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Commuter train service between Squamish and North Vancouver Guse, Brennan Mar 31, 2016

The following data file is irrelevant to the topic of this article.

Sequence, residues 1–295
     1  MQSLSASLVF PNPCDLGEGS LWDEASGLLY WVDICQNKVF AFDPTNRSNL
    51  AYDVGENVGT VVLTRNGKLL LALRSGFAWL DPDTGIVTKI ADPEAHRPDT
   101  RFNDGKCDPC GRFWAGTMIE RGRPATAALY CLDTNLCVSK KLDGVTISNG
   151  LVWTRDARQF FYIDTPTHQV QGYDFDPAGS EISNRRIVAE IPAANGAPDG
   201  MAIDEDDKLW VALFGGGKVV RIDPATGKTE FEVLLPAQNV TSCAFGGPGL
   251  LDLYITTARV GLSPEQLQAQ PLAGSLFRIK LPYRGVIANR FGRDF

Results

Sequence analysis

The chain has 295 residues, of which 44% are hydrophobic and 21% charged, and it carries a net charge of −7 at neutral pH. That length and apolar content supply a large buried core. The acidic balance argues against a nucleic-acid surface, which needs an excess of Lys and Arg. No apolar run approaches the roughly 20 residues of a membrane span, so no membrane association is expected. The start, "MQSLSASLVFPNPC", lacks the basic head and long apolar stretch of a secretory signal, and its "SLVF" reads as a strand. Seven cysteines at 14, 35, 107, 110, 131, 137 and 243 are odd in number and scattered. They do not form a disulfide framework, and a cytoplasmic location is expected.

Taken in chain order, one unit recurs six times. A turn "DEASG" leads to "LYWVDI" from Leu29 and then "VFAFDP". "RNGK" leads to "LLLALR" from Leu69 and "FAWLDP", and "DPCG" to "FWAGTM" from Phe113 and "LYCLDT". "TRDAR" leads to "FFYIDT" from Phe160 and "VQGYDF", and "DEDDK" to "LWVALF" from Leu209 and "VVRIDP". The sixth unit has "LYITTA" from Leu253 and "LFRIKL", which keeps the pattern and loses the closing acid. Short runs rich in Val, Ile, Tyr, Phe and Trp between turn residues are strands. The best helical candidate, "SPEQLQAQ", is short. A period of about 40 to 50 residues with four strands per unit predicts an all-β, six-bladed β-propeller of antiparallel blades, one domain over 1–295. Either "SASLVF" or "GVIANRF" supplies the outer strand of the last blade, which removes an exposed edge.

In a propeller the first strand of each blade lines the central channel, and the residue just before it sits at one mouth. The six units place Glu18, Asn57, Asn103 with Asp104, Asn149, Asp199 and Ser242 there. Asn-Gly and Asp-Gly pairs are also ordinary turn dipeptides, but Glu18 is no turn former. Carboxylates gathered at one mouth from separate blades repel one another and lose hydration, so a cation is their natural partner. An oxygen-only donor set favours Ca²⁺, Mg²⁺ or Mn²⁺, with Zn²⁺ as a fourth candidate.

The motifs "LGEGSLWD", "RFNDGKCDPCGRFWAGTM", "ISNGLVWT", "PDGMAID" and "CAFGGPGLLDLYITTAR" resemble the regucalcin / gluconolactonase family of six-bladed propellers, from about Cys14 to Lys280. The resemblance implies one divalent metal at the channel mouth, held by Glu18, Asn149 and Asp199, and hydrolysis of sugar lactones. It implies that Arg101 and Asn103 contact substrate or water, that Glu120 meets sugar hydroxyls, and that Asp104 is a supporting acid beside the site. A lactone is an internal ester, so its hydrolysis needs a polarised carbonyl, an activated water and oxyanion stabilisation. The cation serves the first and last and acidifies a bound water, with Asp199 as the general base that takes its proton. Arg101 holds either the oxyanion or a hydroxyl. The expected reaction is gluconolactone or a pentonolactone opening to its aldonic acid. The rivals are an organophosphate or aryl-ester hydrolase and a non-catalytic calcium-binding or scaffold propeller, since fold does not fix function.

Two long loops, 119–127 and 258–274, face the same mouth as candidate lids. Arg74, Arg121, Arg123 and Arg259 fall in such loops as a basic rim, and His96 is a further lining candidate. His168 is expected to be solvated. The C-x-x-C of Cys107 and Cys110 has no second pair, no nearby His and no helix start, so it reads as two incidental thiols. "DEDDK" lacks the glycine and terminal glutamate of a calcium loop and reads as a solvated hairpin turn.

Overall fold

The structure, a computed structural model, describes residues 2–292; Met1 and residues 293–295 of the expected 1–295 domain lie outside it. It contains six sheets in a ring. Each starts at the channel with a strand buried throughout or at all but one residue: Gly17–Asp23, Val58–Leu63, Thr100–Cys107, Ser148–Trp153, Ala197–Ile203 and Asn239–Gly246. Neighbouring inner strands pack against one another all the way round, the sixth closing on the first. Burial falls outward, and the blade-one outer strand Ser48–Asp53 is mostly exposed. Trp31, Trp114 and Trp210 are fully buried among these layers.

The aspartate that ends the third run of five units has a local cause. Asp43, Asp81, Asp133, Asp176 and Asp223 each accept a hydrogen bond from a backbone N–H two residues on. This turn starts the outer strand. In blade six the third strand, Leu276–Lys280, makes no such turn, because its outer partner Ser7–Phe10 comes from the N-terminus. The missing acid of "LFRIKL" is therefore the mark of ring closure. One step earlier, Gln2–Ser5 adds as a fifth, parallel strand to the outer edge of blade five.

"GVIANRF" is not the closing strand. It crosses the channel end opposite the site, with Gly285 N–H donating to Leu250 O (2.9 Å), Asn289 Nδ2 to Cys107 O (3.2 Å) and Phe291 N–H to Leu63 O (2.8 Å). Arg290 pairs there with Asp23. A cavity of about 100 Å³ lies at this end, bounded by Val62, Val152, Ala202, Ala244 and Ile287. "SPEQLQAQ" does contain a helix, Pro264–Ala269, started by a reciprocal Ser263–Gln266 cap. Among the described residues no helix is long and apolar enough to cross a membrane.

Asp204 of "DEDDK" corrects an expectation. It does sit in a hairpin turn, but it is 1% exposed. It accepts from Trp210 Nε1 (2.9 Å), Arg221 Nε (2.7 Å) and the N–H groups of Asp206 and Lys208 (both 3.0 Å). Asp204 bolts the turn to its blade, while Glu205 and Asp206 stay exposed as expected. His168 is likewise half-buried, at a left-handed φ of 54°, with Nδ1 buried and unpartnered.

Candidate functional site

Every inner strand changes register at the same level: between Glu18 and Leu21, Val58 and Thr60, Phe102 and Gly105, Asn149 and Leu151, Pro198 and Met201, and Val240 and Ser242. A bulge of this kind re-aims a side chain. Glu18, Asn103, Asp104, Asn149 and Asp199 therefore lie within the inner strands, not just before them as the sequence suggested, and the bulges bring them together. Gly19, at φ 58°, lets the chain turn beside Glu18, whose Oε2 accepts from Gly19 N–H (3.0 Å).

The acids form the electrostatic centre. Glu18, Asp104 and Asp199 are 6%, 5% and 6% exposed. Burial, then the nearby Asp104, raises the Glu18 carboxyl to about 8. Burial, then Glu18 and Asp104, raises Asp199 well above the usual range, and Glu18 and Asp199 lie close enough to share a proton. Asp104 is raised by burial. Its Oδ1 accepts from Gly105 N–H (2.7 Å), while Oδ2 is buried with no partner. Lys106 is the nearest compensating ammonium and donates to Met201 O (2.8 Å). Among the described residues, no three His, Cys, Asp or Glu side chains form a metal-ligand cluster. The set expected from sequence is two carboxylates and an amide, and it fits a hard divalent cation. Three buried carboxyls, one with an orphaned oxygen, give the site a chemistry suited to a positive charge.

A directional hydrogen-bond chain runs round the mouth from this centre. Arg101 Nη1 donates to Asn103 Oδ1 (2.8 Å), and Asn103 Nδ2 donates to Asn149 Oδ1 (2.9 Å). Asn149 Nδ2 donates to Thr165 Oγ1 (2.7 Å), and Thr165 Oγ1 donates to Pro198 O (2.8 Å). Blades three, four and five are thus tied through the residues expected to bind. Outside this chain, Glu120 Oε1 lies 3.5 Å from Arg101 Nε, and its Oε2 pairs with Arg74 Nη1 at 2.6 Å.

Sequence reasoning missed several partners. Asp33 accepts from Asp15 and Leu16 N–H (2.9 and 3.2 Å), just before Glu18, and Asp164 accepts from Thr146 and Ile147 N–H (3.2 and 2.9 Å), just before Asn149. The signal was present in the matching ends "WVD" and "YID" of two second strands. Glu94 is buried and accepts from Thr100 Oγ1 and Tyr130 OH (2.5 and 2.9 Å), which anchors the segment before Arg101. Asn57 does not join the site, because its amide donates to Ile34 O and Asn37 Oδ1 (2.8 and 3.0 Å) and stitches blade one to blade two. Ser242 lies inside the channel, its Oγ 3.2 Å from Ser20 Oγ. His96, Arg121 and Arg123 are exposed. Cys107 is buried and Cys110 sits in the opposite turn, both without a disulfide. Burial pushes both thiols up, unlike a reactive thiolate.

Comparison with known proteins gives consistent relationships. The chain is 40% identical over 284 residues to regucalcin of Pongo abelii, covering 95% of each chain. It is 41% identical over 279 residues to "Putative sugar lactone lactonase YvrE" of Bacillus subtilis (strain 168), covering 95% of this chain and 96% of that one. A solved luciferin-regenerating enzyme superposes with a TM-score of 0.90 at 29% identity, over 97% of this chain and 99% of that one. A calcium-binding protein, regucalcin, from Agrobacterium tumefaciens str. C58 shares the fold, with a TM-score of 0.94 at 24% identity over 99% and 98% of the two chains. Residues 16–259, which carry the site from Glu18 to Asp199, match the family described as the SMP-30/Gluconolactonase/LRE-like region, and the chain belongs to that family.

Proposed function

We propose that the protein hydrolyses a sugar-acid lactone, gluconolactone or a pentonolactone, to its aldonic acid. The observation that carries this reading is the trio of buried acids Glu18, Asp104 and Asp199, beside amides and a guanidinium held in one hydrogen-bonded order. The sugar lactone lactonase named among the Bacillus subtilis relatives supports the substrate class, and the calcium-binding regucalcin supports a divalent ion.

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By	Brennan	Guse,	March	2016		COMMUTER	TRAIN	SERVICE	BETWEEN	SQUAMISH	AND	NORTH	VANCOUVER			     Report prepared at the Request of the District of West Vancouver, in partial fulfillment of UBC Geography 419: Research in Environmental Geography, for Dr. David Brownstein.   2  Table of Contents  Executive Summary…………………………………………………………………………...3   Research Question……………………………………………………………………..3   Recommendations……………………………………………………………………...3   Methods…………………………………………………………………………………3  Literature Review………………………………………………………………………………4  BC Rail History…………………………………………………………………………………4  Review of Communities along the Line……………………………………………………….5  Demand Analysis……………………………………………………………………………….6   Case Study- Between Squamish and North Vancouver……………………………..6    Where are People Travelling in this Region…………………………………7    Potential Train Passengers for this Region…………………………………..7   Case Study- Between Squamish and Whistler……………………………………….8    Where are People Travelling in this Region…………………………………8    Potential Train Passengers for this Region…………………………………..8  Type of Service…………………………………………………………………………………9   When the Trains will Run……………………………………………………………..9   Type of Trains…………………………………………………………………………10   Where the Stations should be located………………………………………………..10  Cost Analysis…………………………………………………………………………………..14   Cost- Driving Vs Train………………………………………………………………..15  Benefits of a Train……………………………………………………………………………..15  Final Recommendations……………………………………………………………………….15  3 Executive Summary  Research Question  I have been asked by the Engineering and Environmental Services Department of the District of West Vancouver to provide an overview of the feasibility of a commuter train connecting the Sea to Sky Corridor to the North Shore in Metro Vancouver, which would link the communities of Whistler, Squamish, Lions Bay, West Vancouver, and the City and District of North Vancouver. My main point of contact for this work was John Calimente, Transportation Planning Analyst with the District of West Vancouver.  Recommendations   1. I recommend implementing a commuter train service that travels between Squamish and North Vancouver.  2. There should be 3 commuter trains, leaving Squamish at 6:00, 6:30, and 7:00am. The trains would then leave North Vancouver at 4:00, 4:30 and 5:00pm, Monday to Friday. 3. A price of $25.22 per passenger would cover the capital and operating costs of the train. However, with taxes, substitutes and investors I would reduce to cost to $15 per person. 4. Single level tilting cars should be put in operation. 5. The main train stations should be located at Downtown Squamish, Horseshoe Bay, Dundarave, Park Royal, and Lonsdale Quay.  Methods  This report has been conducted through both quantitative and qualitative research methods. First, a literature review was executed looking at an abundance of transportation reports along the corridor. An expert interview with Ian Fisher, Manager of Planning and Operations at Sky Train was completed for a better understanding of the type of service that can be implemented. This report also looked into a variety of databases including BC Data and the BC Ministry of Transportation and Infrastructure. Finally, GIS software allowed for the creation of maps and supplementary analysis to determine possible train station locations.             4 Literature Review  An abundance of literature on transportation options along the Sea to Sky corridor was consulted in the creation of this report. (AECOM 2009, CANAC 2001, District of Squamish 2009, Seymour 2001, TSi 2002, Washbrook 2003). Many of these reports touched on topics such as demand, costs, type of service and review of communities along the line. Although these reports were highly influential for the results of this report, several gaps can be found in the literature. For example, many of the reports are from the early 2000s, during this period there was a large demand to look at transportation options along the Sea to Sky corridor in preparation for the 2010 Winter Olympic Games. For the Olympics it was decided to expand Highway 99, however now that the Olympics have past, there has been little research on transportation options in the region. I also noticed that many reports didn’t measure demand for a train in response to a range of fair costs. Often the reports would have a high passenger cost for a train service, and because of the high cost it would deter ridership. This report tries to bridge the gaps and encourages the District of West Vancouver to continue discussion on a commuter train service along the Sea to Sky Corridor.   BC Rail History  BC Rail is owned by CN and is currently the rail line that goes from North Vancouver to Prince George. The line originated in 1912 and was first called the Pacific Great Eastern Railway (PGE) (Ramsey, 1962). This line was vital in the growth of the BC economy in the early 20th century as it connected smaller towns in the north to the Lower Mainland. Over its lifetime it has been used for passengers, tourism, logging and other shipments (Harris, 1982). Passenger service ended on October 31, 2002. Currently the line is used for freight and tourism purposes. Freight trains run 2 to 3 times a day at varying schedules, and the Rocky Mountaineer runs daily except Tuesdays and Wednesdays from May 15th to September 21st.                    5 Review of Communities along the Line  Figure 1- Review of communities along the line Location Population in 2011 Population estimates for 2021 Population Growth Current Transit System Whistler 9,824 12,190 24% -BC Transit -9 local bus routes -Greyhound Squamish 15,051 25,000 66% -BC Transit -4 local bus routes -Greyhound Lions Bay 1,318 1,425 8% -TransLink - 2 local bus routes Bowen Island 3,402 4,300 26% -BC Ferries -TransLink -2 local bus routes West Vancouver 44,000 51,000 16% -BC Ferries -Blue Bus -TransLink -23 local bus routes North Vancouver 84,412 98,000 16% -TransLink -Blue Bus -26 local bus routes (including SeaBus) Metro Vancouver  2.4 million 2.7 million 12.5% -TransLink -VIA Rail -Greyhound -Rocky Mountaineer (BC Transit 2016, Corman 2006, Simply Map, Stats Can 2011, TransLink 2008)  Figure 1 is a review of the communities close to the line in terms of population in 2011, projected population for 2021, and the current transit systems in the selected locations. A general trend is the significant increase in population in all of the locations. However, what is most significant is Squamish’s projected population growth. In 2011, the population was 15,051 and is projected to reach 25,000 by 2021 (Stats Can). This is a potential growth rate of 66%.    6 Squamish’s massive population projections are partly due to major developments that are planned for the region. For example, Garibaldi at Squamish Ski Resort is projected to create 4000 jobs to operate the resort, have 1,500 hotel rooms, over 2000 residential units and estimates to bring in 730,000 skiers a year (Findlay, 2016). Another major development is Squamish’s Oceanfront. This project is planned to have over 1,100 residential units, and will take more than 2,300 jobs to build. The land for this project has already been sold to the developer as of February 3rd 2016, and is projected to take 20 years to build all 6 phases (Squamish Oceanfront Development Corporation, 2016).  Demand Analysis  The demand analysis will be split up into two case studies.  Figure 2- Case studies    1.Barb the Business woman: Barb represents the demographic who live in Squamish where housing is relatively affordable, and commutes to work in Metro-Vancouver.      2.Sam the Skier: Sam represents the tourist demographic and those who live in Whistler. (Photos courtesy of Flickr and Wikipedia)   Case Study- Between Squamish and North Vancouver   Barb the Business woman represents the demographic who live in Squamish where housing is relatively affordable, and commute to work in Metro Vancouver throughout the week. Like Barb, many locals in Squamish are young/ educated families. It is estimated that the median age in Squamish is 36.8 years old (Stats Can, 2011). Since Barb has lived in Squamish for over 10 years now, she has noticed a dramatic increase in the volume of cars on the highway. It sometimes takes Barb over an hour to get from Squamish to her office in downtown Vancouver, where she then has to pay a high cost for parking.   7 Where are People Travelling in this Region   - It is estimated that there were 1,865 daily southbound commuters (people) from Squamish in 2012 (Seymour, 2001).  - Over 1,300 Squamish Residents work full time in Whistler (AECOM, 2009). - Traffic peaks along the Sea to Sky highway, just south of Squamish occur at 7:00 – 8:00 am and 4:00 – 5:00pm (AECOM, 2009).  Potential Train Passengers for this Region  The BC Ministry of Transportation and Infrastructure collects traffic data from various locations throughout the province. Using this traffic count data for a site called Eagles Ridge, north of Horseshoe Bay, estimates can be determined for the amount of train passengers. A base passenger rate of 25%, a medium passenger rate of 33% and a high passenger rate of 50% have been chosen for this analysis. For example, if 25% of the vehicles were taken off the road and put on a train, how many train passengers would there be, assuming there is one person per vehicle? These conversion percentages were decided on as they are used in another report that looked at a ferry service from Squamish to North Vancouver (Seymour, 2001).  Figure 3- Potential train service between Squamish and North Vancouver Date Total Southbound commuters (vehicles) between 6:00 am and 9:00am Passengers: Base 25% Passengers: Med 33% Passengers: High 50% Wednesday, April 1st 2015 1,927 482 636 964 Friday, August 14th, 2015 1,878 470 620 939 Monday, January 19th, 2015 2,131 533 703 1,066 Average of the sample dates 1,979 495 653 990 (BC Ministry of Transportation and Infrastructure, 2015)  For the sample dates, the base ridership is 495 southbound passengers which is equivalent to 990 total passengers a day. Again this is the base ridership, I would suggest a ridership of around 600 people a day, per direction, or a total of 1,200 people a day if you consider Squamish’s projected population growth.     8 Case Study- Between Whistler and Squamish   Sam the Skier represents the tourist demographic and those who live in Whistler. Sam finds getting from Whistler to Squamish a challenging task. Sam grew up abroad and is not accustomed to winter driving conditions and finds the highway is often unreliable due to all the closures. In addition, because Sam works primarily as a ski instructor, buying winter tires for his car is a relatively large expense.   Where are people travelling  -Whistler receives around 2.1 million visitors each year. (Tourism Whistler, 2016). - Most visitors travel to Whistler in a private vehicle on Highway 99, while others arrive through scheduled bus services that run from YVR more than 10 times daily (Tourism Whistler, 2016). - Over 1,300 Squamish Residents work full time in Whistler (AECOM, 2009).   Potential Train Passengers for this Region  Using the Ministry of Environment’s traffic count data for a site just north of Squamish, estimates can be determined about the number of commuters from Squamish to Whistler. It is notable that most commuters in the area are going Northbound to Whistler in the mornings.   Figure 4- Potential train service between Squamish and Whistler Source: (BC Ministry of Transportation and Infrastructure, 2015) Date Total Northbound commuters (Vehicles) between 6:00am and 9:00am Passengers: Base 25% Passengers: Med 33% Passengers: High 50% Wednesday, April 1st, 2015 1,040 260 343 520 Friday, August 14th, 2015 871 218 287 436 Monday, January 19th, 2015 1,369 342 452 685 Average of the sample dates 1,093 273 361 547  9 Looking at the numbers above, for the sample dates the base ridership is 273 Northbound passengers, which is equivalent to 546 total passengers a day. I suggest that these numbers are too low to implement a commuter train service between Squamish and Whistler. I recommend implementing a commuter train from Squamish to North Vancouver, see how successful that line is, and then 10 to 20 years in the future relook at the demand analysis for Squamish to Whistler. It is also important to note that a commuter train varies from all day service, if the District of West Vancouver was interested in all day service to Whistler, the demand analysis would have to be altered.   Type of Service   This section will look at when the trains should run, the type of trains, and where the train stations should be located.   When the Trains will run In 2008, the District of Squamish sent out a survey to 634 residents asking them what times they would want a potential commuter train to leave Squamish and the lower Mainland. According to the results, the best times to have a commuter train leave Squamish would be 6:00, 6:30, and 7:00am and the best times to leave North Vancouver would be 4:00, 4:30 and 5:00pm.  Figure 5- Survey of when the trains will run   (AECOM, 2009)    10 Type of Trains Ian Fisher, Manager of Planning and Operations for Sky Train indicated that each train car can hold 80 to 100 people. A train car is one unit of a train, where all the cars put together make up the entire train. He also told me that each car is approximately 25 meters long by 3 meters wide. I suggest there be 3 trains consisting of 3 cars each. Considering the demand numbers of approximately 600 people per day, per direction, then divide that by 3 trains you get roughly 200 people per train. Technically 200 people can fit into 2 train cars, but then the train would be at maximum capacity. By adding an extra car, it allows the train to respond to future service demands. The Canada Line, for example did not consider future ridership demand as much as it should have when it was built in Vancouver in preparation for the 2010 Olympics. Right now in 2016, the Canada Line is already at maximum capacity, and it would be very costly to increase the size of the prebuild station platforms to service an extra car on each train. Therefore, a potential train service from Squamish to North Vancouver should have platforms of at least 75 meters long at each train station. This way 3 train cars can fit on the stations, and the line will be well suited for future demand.   Ian also suggested that single level tilting cars would be the best type of train for the Sea to Sky corridor. Tilting cars can reduce travel time by 10% to 15%, create a smoother ride resulting in less motion sickness, and can be implemented in a wide variety of options such as diesel or electric. The bullets below show the run time of trains versus a passenger car from Squamish to North Vancouver. A Bud Rail Diesel car is the type of passenger train that used to run along the corridor, until the service ended in 2002.   • Bud Rail Diesel: 80 minutes • Tilting Cars: 68 minutes • Passenger Car: 55 minutes  The information above is retrieved from Ian Fisher and an extract from the 1998 BC Rail timetable.   I would recommend implementing single level titling cars, however depending on the budget, technology advances and other factors, more discussion should be made about the type of train that would run along the corridor.  Where Should the Train Stations Be Located   Using Geographic Information System (GIS) software, I was able to determine the best areas for train station locations. In order to do this, I had to collect data from various sources such as Geogratis, Abacus, BC Data, the City of North Vancouver, and the District of North Vancouver, West Vancouver and Squamish. I then performed a multi-criteria analysis to determine the best suitability for train station locations. A multi-criteria analysis basically entails weighing different factors that would affect the train station suitability. All of the factors combined must be equal to one. The factors considered in the analysis are shown in the chart below.     11     Figure 6- Train station weighting system Criteria Factors Weighting Zoning Where can a station be built? (Ex: residential land= low values, public land= high values) 0.5 Bus Routes Are the stations close to bus routes? (Within 500m) 0.2 Population Are there enough people in the region to support a station? (Over 50 people and jobs per hectare) 0.2 Slope Is the slope of the land suitable for a station? (Less than 45 degrees) 0.1  If necessary, the weighting and criteria can be altered for the specific needs of the District of West Vancouver and other municipalities.   The images below represent the suitability for train station locations from Squamish to North Vancouver. The areas in red represent the lowest suitability, the areas in yellow represent a medium suitability, and the areas in green represent a high suitability for a station. From this analysis it can be observed that the main train stations should be located at: Downtown Squamish, Dundarave, Park Royal, and Lonsdale Quay. Although Horseshoe Bay does not appear in green on the map, I would recommend adding it as a stop since it experiences heavy ferry traffic. In addition, the last stop should be Lonsdale Quay as it has a Sea Bus service that goes directly to downtown Vancouver. I would also recommend adding smaller stops in locations such as Lions Bay, Furry Creek and Porteau Cove.     12 Figure 7             13 Figure 8       14 Further research would have to be done on what real estate is available for purchase in the areas that are shown in green on the map. When considering what real estate is available, a lot size of 75meters by 30 meters would be ideal for a train station. The report, The Transportation Hub, by the District of Squamish has selected exact locations where train stations are most suitable.  Cost Analysis  The data below is from Patrick Condon, a University of British Columbia Professor in the faculty of Landscape Architecture.  Figure 9 Average Capital and Operating Costs Per Passenger Mile Mode Capital Costs Operating Costs Diesel Bus $0.31 $1.19 Light Rail $1.27 $.039 Heavy Rail $0.24 $0.36 Commuter Rail $0.26 $0.39 Sky Train  $2.34 $0.29 Ford Explorer $1.02 $0.18 Modern Tram  $0.71 $0.51 Source: (Condon and Dow 2009, The Antiplanner 2007)  The number above are based on maximum capacity. If the modes listed above were not at maximum capacity, the costs would be much higher. Capital costs include acquiring the vehicles and constructing the infrastructure necessary to support them. Capital costs would be much lower along the Sea to Sky corridor since a rail line is already in place.   It is approximately 62.4 kilometres from the Sea Bus terminal in North Vancouver to Squamish. Therefore, a price of $25.22 per person would apply to cover capital and operating costs for a commuter train to break even.   Transportation services run by the public sector traditionally do not expect to recover their full operating and capital costs from customer fares. For example, the West Coast Express is considered successful by governments even though it recovers only 60% of its costs through passenger fares (Washbrook, 2003). I recommend implementing a price around $15 per passenger, therefore additional funding would have to be provided though taxes, subsidies, and investors.     15     Cost Analysis- Driving Vs Train   How much does Barb spend on gas and parking during a day in the office?  Hourly rates at Vancouver’s downtown meters and parkades range from $1 to $7 per hour (Aiello, Laanela and Smith 2014). Barb drives a Mazda 3, assuming gas prices in Vancouver are $1.30 a liter, it costs her $7.80 to go 100km on the highway. Barb drives 123km a day to and from work, therefore Barb spends around $35.00 a day on gas and parking, assuming her parking is $3.00/hour and she works 8 hours a day. If the train was $15.00 one way, or a total of $30 for both directions, Barb would save $5 a day. This is a total savings of over $1000 a year. Lets also remember that this does not take into account the actual price of a car and insurance, which is likely to be over $4000 a year.   Benefits of a Train     This section will discuss some of the benefits of a train (Condon, 2010).   • Economic: new business, attracts more events, growth, new investment, enhances the downtown core, more tourists.   • Social: promotes sustainability, active lifestyle, freedom (can get work done on a train), safety, spectacular views, comfort. • Environmental: cars off the road, enhances the transit network, less demand to widen the highway, less emissions.  Final Recommendations  1. I recommend implementing a commuter train service that travels between Squamish and North Vancouver.  2. There should be 3 commuter trains, leaving Squamish at 6:00, 6:30, and 7:00am. The trains would then leave North Vancouver at 4:00, 4:30 and 5:00pm, Monday to Friday. 3. A price of $25.22 per passenger would cover capital and operating costs, however with taxes, substitutes and investors I would reduce to cost to $15 per person per commute. 4. Single level tilting cars should be put in operation. 5. The main train stations should be located at Downtown Squamish, Horseshoe Bay, Dundarave, Park Royal, and Lonsdale Quay.    16   Bibliography  AECOM Canada. (2009, October 8). Transportation options for the Squamish-Metro Vancouver Corridor. Retrieved February 20, 2016, from http://squamish.ca/assets/PDF/3.11-TransportationStudyAECOM.pdf  Aiello, R., Laanela, M., & Smith, K. (2014). Vancouver Downtown parking costs | CBC B.C. Retrieved April 08, 2016, from http://www.cbc.ca/bc/interactive/maps/parking-costs/   BC Ministry of Transportation and Infrastructure. (2015). Traffic Data Program. Retrieved February 19, 2016, from http://www.th.gov.bc.ca/trafficData/tradas/tradas.asp?loc=P-99-01NS  BC Transit. (2016). Bus Schedules. Retrieved February 24, 2016, from http://bctransit.com/squamish/home  CANAC Inc. Higher Speed Passenger Rail Vancouver to Whistler. Rep. 2001. Print.  Condon, Patrick M., Professor, and Kari Dow. A Cost Comparison of Transportation Modes. Rep. no. No.7. 2009. Print.  Condon, Patrick M. Seven Rules for Sustainable Communities: Design Strategies for the Post-carbon World. Washington: Island, 2010. Print.  Corman, M. (2006, November). Bowen Island MCA. Retrieved February 22, 2016, from http://www.sfu.ca/geog/geog355fall06/mdc1/introduction.html  District of Squamish. The Transportation Hub. Rep. 31 Mar. 2009. Web. 30 Jan. 2016  Findlay, A. (2016, January 29). B.C. approves a multi-billion dollar ski resort that the industry doesn't want. Retrieved April 01, 2016, from http://www.bcbusiness.ca/tourism-culture/bc-approves-a-multi-billion-dollar-ski-resort-that-the-industry-doesnt-want   Harris, Lorraine. British Columbia's Own Railroad. Surrey, B.C., Canada: Hancock House, 1982. Print.  Metro Vancouver. (2015). Appendix A. Retrieved February 22, 2016, from http://www.metrovancouver.org/services/regional-planning/PlanningPublications/TableA1-PopDwelUnitEmpProjforMVSubregMuni.pdf  Ramsey, Bruce. PGE, Railway to the North. Vancouver: Mitchell, 1962. Print.  Seymour, J. (2001, December 21). Marine Options Greater Vancouver to Squamish (Rep.). Retrieved February 24, 2016, from BC Ministry of Transportation website.  Squamish Oceanfront Development Corporation. (2016). Retrieved April 01, 2016, from http://www.squamishoceanfront.com/plan   Statistics Canada. 2011 Stats Can Data on Squamish Commuters. 2011. Raw data. British Columbia, Squamish  The Antiplanner. (2007, March 20). Retrieved February 28, 2016, from http://ti.org/antiplanner/?p=88  Tourism Whistler Trade and Travel Website. (2016). Retrieved February 20, 2016, from   17 http://trade.whistler.com/about/stats/  Translink. Transport 2040. Rep. 2008. Web. 24 Jan. 2016.  TSI Consultants. Sea-to-Sky Corridor Travel Demand Study. Rep. Jan. 2002. Web. 30 Jan. 2016.  Washbrook, Kevin. Developing a Sustainable Transportation Strategy for the Sea to Sky Corridor: How Have Supply Options Been Evaluated. Rep. June 2003. Web. 30 Jan. 2016.